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Untold costs of integration
"We are not doing something in Malaysia that has not happened before. In terms of network integration, anything can be done in IT. It is not rocket science," he adds. Unisys has been involved in various large bank mergers worldwide, including the Union Bank of Switzerland.
While the government has been pushing hard for mergers, there have been no official estimates on how much the industry will eventually have to fork out for integrating disparate IT systems. "No one has a clue," says Philip who estimates the big merged banks will each spend over a RM100 million (US$26.3 million).
This is confirmed by Bumiputra-Commerce's Lazaroo, who revealed the bank has budgeted RM120 million to RM140 million (US$31.5 million and US$36.8 million) for its IT integration program. This includes costs for consulting, contract programmers, upgrading of hardware and migrating to the new network, he adds. Ultimately, the total bill will depend on the size of the merging banks, the similarity of their IT platforms, and the extent of new applications and hardware that must be installed.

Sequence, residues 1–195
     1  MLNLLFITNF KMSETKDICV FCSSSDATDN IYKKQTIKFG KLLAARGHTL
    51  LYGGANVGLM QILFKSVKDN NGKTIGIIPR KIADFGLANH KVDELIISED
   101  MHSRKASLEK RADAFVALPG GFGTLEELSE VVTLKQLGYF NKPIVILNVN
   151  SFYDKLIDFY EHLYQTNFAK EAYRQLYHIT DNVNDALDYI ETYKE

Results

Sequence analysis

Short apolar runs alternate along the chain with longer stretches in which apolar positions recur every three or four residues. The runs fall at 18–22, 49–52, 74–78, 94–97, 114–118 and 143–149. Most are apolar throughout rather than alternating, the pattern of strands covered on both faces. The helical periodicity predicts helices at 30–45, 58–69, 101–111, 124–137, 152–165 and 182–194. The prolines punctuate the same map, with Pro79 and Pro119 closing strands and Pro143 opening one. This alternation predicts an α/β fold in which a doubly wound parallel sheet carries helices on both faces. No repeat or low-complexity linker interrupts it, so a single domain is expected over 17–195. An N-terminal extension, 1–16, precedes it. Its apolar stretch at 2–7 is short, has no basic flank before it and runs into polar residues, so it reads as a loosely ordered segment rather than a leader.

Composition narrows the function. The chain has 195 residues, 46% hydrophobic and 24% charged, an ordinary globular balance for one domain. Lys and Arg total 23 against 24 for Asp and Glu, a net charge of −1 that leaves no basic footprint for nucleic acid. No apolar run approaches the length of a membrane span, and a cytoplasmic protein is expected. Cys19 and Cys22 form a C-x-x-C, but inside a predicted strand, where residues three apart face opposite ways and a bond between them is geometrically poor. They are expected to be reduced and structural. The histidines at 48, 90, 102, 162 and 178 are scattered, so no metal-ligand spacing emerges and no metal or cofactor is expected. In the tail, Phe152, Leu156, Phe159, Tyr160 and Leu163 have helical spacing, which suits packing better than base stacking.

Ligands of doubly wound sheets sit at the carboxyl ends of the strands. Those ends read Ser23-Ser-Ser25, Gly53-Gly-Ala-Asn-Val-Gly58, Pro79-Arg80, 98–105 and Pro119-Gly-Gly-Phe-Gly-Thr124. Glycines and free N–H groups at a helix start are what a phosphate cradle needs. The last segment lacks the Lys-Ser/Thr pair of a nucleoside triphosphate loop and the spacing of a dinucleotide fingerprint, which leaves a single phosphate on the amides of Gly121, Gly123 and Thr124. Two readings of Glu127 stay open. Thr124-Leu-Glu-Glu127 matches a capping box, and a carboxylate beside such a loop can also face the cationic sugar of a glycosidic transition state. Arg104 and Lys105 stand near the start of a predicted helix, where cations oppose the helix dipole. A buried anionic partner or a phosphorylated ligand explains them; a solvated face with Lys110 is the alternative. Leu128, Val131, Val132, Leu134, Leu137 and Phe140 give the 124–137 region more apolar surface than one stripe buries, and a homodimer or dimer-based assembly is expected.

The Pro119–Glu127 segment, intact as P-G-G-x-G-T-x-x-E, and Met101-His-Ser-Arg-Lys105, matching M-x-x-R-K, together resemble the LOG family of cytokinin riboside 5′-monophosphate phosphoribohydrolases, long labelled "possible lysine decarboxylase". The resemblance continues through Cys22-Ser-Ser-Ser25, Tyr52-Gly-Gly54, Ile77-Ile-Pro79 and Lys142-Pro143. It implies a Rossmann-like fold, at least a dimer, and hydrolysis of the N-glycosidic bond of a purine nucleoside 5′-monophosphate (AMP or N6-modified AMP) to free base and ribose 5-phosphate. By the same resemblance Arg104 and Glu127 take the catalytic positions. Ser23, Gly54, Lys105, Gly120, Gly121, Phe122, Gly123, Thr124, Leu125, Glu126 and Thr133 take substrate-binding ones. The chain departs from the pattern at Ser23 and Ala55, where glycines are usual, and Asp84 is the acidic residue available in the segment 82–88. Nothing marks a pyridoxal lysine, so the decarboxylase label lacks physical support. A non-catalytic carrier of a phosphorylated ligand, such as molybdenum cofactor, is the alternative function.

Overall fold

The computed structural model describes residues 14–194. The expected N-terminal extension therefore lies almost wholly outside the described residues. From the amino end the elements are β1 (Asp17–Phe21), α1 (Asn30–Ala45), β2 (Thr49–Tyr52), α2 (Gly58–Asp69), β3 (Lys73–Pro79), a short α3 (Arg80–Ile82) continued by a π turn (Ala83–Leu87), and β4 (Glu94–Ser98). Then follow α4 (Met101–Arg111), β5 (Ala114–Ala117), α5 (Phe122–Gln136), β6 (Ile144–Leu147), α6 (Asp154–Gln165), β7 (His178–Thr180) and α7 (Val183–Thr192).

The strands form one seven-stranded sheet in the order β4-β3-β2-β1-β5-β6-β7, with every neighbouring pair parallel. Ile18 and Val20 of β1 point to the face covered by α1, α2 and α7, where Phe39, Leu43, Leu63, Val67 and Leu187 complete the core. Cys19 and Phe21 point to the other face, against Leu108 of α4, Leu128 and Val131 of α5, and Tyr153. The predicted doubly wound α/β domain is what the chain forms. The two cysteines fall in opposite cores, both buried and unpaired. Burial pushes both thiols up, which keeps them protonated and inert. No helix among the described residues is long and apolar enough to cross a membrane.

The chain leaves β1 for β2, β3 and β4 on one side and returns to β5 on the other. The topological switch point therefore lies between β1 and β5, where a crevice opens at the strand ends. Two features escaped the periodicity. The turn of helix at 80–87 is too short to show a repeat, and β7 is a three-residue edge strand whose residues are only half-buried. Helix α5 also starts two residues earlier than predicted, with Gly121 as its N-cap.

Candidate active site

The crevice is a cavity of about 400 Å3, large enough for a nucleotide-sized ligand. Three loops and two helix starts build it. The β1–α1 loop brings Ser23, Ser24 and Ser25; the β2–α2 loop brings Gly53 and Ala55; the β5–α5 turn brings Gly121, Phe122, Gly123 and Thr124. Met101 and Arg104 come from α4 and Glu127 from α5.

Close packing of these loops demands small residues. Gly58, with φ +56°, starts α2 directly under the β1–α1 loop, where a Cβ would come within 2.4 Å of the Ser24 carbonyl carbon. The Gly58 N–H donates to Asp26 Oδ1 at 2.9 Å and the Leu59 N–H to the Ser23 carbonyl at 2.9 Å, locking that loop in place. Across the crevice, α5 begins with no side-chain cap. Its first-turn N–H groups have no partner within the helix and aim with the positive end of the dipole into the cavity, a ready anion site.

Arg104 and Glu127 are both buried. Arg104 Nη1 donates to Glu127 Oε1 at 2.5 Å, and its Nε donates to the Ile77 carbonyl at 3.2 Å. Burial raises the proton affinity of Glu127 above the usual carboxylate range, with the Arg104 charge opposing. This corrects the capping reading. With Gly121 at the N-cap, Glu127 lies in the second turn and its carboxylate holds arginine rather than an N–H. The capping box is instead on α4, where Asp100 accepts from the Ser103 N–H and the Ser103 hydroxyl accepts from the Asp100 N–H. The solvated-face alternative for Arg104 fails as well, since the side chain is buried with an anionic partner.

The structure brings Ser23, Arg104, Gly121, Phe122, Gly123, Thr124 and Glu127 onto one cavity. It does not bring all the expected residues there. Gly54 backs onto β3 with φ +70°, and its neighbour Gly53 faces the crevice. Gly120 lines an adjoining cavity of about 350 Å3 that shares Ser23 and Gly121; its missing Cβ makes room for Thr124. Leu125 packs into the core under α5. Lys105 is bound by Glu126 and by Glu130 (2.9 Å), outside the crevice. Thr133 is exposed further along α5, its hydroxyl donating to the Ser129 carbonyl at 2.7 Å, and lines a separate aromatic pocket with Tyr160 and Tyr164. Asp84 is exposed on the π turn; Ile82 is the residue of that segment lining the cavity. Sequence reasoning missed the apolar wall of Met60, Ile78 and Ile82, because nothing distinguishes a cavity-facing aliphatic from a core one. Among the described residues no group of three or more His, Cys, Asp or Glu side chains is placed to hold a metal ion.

Like the Y2K bounty, Malaysia's bank mergers represents a one-time windfall for the major players in the global IT industry, which are already jostling for a piece of the merger pie. While the rewards will be great for companies getting the contracts, there is also a downside. "Eventually you will have a smaller market to work with," says Chow of Andersen Consulting, which has been involved in numerous bank mergers worldwide.
Unisys' Philip believes the merger process will lead to a level playing field. By leveraging on technology coupled with smart strategies to roll out better products and customer services, the smaller banks have the potential to upstage their bigger rivals. Citing Citibank as an example, he says that with only two branches in Malaysia, it has "conquered" the credit card and the corporate solutions markets because of its emphasis on customer service.
He suggests that banks with even the best IT systems could fail if they have poor marketing strategies. Banks have to know their customers to determine which services to roll out, and who to target. "The first thing we advise banks to do is put in a powerful data warehouse and a customer relationship management system," says Philip.
Better service and products--that would certainly be what millions of Malaysians are hoping for, now that previously mollycoddled local banks will have to invest hundreds of millions of ringgit to stay competitive in an increasingly liberalized financial environment.
Lee Min Keong is a regular contributor for various regional magazines and has been a journalist for over 15 years. He heads Asia-Pacific Editorial Consultants, a Kuala Lumpur-based editorial services firm. Email us your comments.
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